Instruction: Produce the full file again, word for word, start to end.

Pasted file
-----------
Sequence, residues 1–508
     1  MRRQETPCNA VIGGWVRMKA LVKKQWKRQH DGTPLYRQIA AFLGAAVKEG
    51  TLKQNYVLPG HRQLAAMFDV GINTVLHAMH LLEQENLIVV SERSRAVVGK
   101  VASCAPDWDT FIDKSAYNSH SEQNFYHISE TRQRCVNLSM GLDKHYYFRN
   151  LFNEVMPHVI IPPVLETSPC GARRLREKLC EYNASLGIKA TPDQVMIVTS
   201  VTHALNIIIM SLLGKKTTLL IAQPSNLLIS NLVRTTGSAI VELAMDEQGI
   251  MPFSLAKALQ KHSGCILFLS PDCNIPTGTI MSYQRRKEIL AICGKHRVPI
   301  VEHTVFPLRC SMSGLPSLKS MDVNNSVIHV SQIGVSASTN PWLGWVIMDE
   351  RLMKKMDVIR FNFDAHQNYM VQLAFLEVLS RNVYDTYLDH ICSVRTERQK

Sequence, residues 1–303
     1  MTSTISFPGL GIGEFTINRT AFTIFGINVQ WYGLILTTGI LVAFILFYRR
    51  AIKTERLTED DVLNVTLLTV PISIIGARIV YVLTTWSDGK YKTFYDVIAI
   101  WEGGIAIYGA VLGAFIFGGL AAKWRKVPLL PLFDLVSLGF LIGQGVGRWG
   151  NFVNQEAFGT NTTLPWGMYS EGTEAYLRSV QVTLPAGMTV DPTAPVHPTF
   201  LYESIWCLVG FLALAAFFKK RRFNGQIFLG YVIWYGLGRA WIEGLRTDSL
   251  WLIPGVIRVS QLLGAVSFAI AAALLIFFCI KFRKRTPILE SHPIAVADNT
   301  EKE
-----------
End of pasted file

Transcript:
Sequence, residues 1–508
     1  MRRQETPCNA VIGGWVRMKA LVKKQWKRQH DGTPLYRQIA AFLGAAVKEG
    51  TLKQNYVLPG HRQLAAMFDV GINTVLHAMH LLEQENLIVV SERSRAVVGK
   101  VASCAPDWDT FIDKSAYNSH SEQNFYHISE TRQRCVNLSM GLDKHYYFRN
   151  LFNEVMPHVI IPPVLETSPC GARRLREKLC EYNASLGIKA TPDQVMIVTS
   201  VTHALNIIIM SLLGKKTTLL IAQPSNLLIS NLVRTTGSAI VELAMDEQGI
   251  MPFSLAKALQ KHSGCILFLS PDCNIPTGTI MSYQRRKEIL AICGKHRVPI
   301  VEHTVFPLRC SMSGLPSLKS MDVNNSVIHV SQIGVSASTN PWLGWVIMDE
   351  RLMKKMDVIR FNFDAHQNYM VQLAFLEVLS RNVYDTYLDH ICSVRTERQK

Sequence, residues 1–303
     1  MTSTISFPGL GIGEFTINRT AFTIFGINVQ WYGLILTTGI LVAFILFYRR
    51  AIKTERLTED DVLNVTLLTV PISIIGARIV YVLTTWSDGK YKTFYDVIAI
   101  WEGGIAIYGA VLGAFIFGGL AAKWRKVPLL PLFDLVSLGF LIGQGVGRWG
   151  NFVNQEAFGT NTTLPWGMYS EGTEAYLRSV QVTLPAGMTV DPTAPVHPTF
   201  LYESIWCLVG FLALAAFFKK RRFNGQIFLG YVIWYGLGRA WIEGLRTDSL
   251  WLIPGVIRVS QLLGAVSFAI AAALLIFFCI KFRKRTPILE SHPIAVADNT
   301  EKE